Demi Moore After Plastic Surgery: Public Reaction And The Crisis Of New Ethics

Demi Moore After Plastic Surgery: Public Reaction And The Crisis Of New Ethics
Demi Moore After Plastic Surgery: Public Reaction And The Crisis Of New Ethics

Video: Demi Moore After Plastic Surgery: Public Reaction And The Crisis Of New Ethics

Video: Demi Moore surprise Fendi runway appearance in Paris and Inside Out | No Filter with Naomi 2022, November
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The Haute Couture Week has just ended in Paris, and its main result was not some amazing collection, not some upward trend or even a new name in an old house, but what I would call “Demi Moore's case”. For several days now, everyone has been discussing Demi Moore, who was completely unrecognizable, who opened the Fendi show. Kate Moss, too, somehow did not recognize everything right away, but here makeup and styling worked more, which the new artistic director of Fendi's women's collections was quite quirky. But Demi had just a new face - and I personally, until I read that it was she, I could not understand who it was that opened the first show of Kim Jones for Fendi.

In our time, when everything and everything is so polarized that any "haircut" immediately sounds "shaved", at first there were screams about the horrors of plastic surgery, but immediately in response they heard no less angry screams about body and beauty positivism and about the fact that a woman has the right to walk with the person she wants. And it was here that the very case arose, expressively indicating some important contradiction within the new ethics.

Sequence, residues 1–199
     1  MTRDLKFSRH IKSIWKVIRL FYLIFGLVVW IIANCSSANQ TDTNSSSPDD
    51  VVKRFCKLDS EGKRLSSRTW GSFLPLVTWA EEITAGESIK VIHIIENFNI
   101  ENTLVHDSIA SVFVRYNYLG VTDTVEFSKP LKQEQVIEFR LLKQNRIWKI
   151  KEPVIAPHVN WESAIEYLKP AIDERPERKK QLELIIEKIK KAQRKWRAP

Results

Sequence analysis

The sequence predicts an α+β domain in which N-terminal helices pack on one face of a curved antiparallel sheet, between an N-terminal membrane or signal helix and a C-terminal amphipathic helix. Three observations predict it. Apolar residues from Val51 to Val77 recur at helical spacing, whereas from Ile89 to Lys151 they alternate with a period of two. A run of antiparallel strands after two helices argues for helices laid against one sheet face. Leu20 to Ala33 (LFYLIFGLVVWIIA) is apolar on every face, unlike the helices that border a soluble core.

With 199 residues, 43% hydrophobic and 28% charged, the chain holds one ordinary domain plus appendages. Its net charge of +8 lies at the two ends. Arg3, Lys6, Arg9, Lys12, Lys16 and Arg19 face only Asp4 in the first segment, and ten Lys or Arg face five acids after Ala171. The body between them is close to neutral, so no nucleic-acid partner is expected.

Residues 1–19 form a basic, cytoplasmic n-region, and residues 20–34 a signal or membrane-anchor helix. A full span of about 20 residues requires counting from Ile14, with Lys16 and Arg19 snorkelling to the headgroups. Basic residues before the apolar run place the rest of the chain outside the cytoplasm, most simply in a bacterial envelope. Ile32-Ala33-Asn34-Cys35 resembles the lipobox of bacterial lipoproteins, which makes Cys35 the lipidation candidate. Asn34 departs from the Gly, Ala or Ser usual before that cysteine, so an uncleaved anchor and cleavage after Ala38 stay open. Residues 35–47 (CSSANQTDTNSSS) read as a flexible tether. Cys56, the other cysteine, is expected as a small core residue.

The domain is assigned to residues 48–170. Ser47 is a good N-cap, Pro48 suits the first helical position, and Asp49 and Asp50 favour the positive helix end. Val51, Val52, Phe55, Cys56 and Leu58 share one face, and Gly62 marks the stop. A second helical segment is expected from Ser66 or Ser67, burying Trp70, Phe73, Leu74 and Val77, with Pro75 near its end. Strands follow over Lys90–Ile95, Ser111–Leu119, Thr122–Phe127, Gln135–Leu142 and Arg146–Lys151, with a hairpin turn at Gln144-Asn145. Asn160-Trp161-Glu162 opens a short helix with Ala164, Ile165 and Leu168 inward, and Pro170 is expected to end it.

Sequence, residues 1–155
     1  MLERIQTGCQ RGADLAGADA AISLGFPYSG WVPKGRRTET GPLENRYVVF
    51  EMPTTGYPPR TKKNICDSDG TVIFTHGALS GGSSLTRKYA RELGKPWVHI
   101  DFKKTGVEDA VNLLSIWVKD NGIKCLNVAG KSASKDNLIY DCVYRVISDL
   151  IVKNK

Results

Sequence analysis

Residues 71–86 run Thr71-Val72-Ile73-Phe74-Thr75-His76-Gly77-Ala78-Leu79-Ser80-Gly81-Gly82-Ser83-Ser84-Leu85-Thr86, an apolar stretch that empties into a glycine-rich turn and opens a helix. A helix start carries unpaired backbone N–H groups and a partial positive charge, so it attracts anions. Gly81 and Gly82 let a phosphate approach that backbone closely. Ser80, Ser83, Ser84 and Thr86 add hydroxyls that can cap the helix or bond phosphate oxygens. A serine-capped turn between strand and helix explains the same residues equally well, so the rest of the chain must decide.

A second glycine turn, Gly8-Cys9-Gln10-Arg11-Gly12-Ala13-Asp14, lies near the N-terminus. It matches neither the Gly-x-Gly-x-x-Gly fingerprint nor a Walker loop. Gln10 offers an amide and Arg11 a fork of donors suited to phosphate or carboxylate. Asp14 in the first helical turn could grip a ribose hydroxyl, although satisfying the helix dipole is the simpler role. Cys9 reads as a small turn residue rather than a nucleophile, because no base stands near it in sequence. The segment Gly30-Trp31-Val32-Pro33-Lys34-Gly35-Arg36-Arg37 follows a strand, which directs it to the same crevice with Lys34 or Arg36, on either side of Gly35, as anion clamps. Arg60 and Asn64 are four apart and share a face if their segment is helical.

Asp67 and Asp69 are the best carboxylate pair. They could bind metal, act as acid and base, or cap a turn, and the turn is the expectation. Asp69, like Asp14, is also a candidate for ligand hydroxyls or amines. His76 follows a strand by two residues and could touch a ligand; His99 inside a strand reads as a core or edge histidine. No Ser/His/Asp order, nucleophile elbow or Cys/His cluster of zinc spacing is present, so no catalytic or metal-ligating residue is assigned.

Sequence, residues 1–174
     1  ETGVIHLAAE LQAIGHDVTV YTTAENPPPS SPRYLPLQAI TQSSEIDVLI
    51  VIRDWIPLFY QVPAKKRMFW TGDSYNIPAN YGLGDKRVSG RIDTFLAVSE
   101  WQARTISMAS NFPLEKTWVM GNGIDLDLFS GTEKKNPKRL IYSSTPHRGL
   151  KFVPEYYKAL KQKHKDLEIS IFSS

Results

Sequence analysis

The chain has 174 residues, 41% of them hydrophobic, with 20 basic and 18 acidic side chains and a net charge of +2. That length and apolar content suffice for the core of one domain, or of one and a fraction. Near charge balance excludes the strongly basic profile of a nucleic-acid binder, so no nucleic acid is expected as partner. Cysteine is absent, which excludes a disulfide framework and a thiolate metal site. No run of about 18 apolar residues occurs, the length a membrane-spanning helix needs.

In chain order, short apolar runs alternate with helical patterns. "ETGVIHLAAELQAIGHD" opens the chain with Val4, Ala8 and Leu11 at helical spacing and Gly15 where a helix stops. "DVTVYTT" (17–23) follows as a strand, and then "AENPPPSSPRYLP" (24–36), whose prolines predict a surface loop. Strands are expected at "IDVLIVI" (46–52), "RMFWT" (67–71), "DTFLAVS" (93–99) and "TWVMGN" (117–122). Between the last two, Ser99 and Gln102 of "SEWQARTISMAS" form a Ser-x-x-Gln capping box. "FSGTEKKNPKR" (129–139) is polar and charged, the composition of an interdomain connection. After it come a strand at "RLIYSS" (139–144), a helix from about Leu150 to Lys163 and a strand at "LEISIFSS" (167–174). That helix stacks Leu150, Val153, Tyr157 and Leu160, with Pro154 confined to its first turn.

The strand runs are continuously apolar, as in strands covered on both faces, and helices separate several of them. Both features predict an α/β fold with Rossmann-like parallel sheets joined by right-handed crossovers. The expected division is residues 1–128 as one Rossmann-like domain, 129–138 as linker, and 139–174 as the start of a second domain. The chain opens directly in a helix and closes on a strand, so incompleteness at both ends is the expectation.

In fact, at the dawn of the third decade of the 21st century, it is a little strange to hear arguments about the fact that women have the right to whatever face and body they like, pronounced with passion and polemical fervor. About this all has already been said, not only yesterday, but even the day before yesterday - and it's a little late to break chairs here. Women have this right, and men also have it, and children have, and in general any human being has the right to look the way he wants and not be condemned, discussed and persecuted by society for this. And in general, all this bad infinity of skirmishes - "Oh, what did she do with her face ?!" - "Yes, I did what I wanted!" - would not be worth any special attention if, apart from the usual network hate weighed out to all celebrities, there would not be something else very important connected with the most key meanings.Even so - with one of the main socio-cultural problems of our time.

Here we, in fact, come to a new ethics, in the center of which is placed the idea of ​​full and joyful acceptance of yourself as you are - too fat, too thin, with too small or too large breasts, crooked, oblique, with Asperger's syndrome, Tourette's syndrome and other disorders of any spectrum. And no one - neither society, nor family, nor the Lord God - has the right to demand from us that we somehow rape ourselves and remake ourselves to their standards. Because everything, literally everything - all people, lions, eagles and partridges, in a word, all lives - are worthy of sympathy and love, and everyone should be given a chance to live without counter hostility because of certain forms of their physicality. Without any irony, this is the greatest achievement of modern humanism,around which everything else was built - from pop psychology with its "depreciation" and "boundaries" to body positivism.

Demi Moore shooting for Vogue España, December 2020
Demi Moore shooting for Vogue España, December 2020

Demi Moore shooting for Vogue España, December 2020 © instagram.com/demimoore